Fact vs. Romney's fiction on income taxes
The Kansas City Star
Meet Claudine Thomas of Kansas City.
In recent years she has been part of the 47 percent or so of Americans who don’t pay federal income taxes.
That group came screeching into the nationwide political debate this week with the release of a video of GOP nominee Mitt Romney speaking to well-heeled donors at a May fundraiser.
Romney analyzed his campaign against President Barack Obama in startling terms:
“All right, there are 47 percent who are with him, who are dependent upon government, who believe that they are victims, who believe the government has a responsibility to care for them, who believe that they are entitled to health care, to food, to housing, to you-name-it,” Romney said.
“These are people who pay no income tax…. 47 percent of Americans pay no income tax…. (M)y job is not to worry about those people. I’ll never convince them that they should take personal responsibility and care for their lives.”
Romney was speaking to his amen corner, not knowing his blunt comments were being recorded. Even so, his broad brush swept far outside the lines.
The Republican presidential nominee has insulted tens of millions of Americans who have legitimate reasons for not paying income taxes. Among their ranks are retired senior citizens, disabled Americans, low-income workers and college students.
They are people like Thomas, 82, who was an office worker for Ford and General Motors before going back to school to become a nurse. “I worked all the time my children were growing up,” she says.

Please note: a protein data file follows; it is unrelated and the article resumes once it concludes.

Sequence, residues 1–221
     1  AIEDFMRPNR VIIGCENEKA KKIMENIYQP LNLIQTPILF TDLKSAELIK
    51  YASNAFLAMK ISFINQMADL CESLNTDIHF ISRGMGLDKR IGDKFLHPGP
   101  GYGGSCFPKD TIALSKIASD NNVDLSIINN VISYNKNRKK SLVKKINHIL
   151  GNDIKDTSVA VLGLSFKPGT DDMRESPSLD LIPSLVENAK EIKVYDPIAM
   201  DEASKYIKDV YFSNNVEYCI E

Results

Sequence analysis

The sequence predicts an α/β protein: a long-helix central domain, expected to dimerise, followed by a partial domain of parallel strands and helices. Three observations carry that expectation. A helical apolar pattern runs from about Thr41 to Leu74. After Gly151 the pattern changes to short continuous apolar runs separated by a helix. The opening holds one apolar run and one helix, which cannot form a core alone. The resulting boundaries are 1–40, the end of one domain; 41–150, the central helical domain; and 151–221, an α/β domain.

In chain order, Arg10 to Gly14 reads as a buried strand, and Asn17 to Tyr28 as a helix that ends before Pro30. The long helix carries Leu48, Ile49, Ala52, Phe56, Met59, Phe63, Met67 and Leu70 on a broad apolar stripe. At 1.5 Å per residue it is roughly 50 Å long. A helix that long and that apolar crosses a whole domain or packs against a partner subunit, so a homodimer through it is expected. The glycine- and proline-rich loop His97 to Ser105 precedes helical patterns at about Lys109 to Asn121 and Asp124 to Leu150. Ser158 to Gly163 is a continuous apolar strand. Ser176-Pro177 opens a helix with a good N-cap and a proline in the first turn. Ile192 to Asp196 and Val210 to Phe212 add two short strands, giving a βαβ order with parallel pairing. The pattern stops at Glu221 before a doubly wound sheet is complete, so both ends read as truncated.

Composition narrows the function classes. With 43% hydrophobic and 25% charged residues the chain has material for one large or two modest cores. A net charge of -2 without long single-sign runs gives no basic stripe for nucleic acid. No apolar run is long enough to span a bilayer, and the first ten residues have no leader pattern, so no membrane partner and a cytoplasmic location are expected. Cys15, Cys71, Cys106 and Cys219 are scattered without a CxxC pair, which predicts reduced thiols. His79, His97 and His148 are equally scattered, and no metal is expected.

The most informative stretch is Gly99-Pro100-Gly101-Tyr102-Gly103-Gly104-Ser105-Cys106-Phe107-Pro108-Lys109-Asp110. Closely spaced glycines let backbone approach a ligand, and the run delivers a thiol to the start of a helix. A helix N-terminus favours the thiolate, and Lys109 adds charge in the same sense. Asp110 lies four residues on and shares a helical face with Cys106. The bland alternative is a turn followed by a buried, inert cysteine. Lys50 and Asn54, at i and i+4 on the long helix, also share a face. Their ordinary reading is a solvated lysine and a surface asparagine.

She paid into Social Security and Medicare, which covers part but not all of her medical expenses. Thomas lives in a modest Brookside-area home, on which she pays a “big hunk” of real estate taxes, close to $3,000 a year. She pays for her taxes, utilities, food and most other living expenses with funds from Social Security, a small pension, a 401(k) and a few investments.
Thomas is also a passionate traveler. She just returned from a 4,600-mile, month-long car trip to the eastern United States.
“I love America,” she says. “I love seeing the country.”
By Tuesday, Romney conceded some nonpayers support him and some deserve to be exempted from paying, such as retirees and members of the military.
This flare-up could actually benefit the country by helping Americans better understand who pays federal income taxes, and why. Several eye-opening facts rolled out this week:
60 percent of those who don’t pay income taxes still pay into Social Security and Medicare. Many pay up to 15.3 percent in payroll taxes (including their employers’ share), higher than the 13.9 percent federal tax rate Romney paid in 2010.
22 percent of nonpayers are retirees, like Thomas, often with low or no incomes from taxable sources.
The Bush tax cuts, along with other federal rules, have reduced or eliminated the tax load on millions of people. That includes some of the super-rich, plus low-income households that use the Earned Income Tax Credit or Child Tax Credit to legally avoid paying income taxes.
Romney’s derogatory comments swept up many of his Republican supporters as well — such as the Deep South (a solid GOP bloc), plus older Americans who tend to vote for his party’s nominees. In fact, eight of the 10 U.S. states with the highest percentages of people who don’t pay income taxes are expected to be in the Romney column this November.
During his talk to wealthy donors, Romney said that Americans who don’t pay income taxes are “people who will vote for (Obama) no matter what.” That’s simply not true. As the figures above prove, many nonpayers will support him.
But not Thomas. She’s a longtime liberal who’d love to have an Obama bumper sticker for her car.
Asked about her chances of voting for Romney, she gives a feisty reply: “You know damn well I’m not.”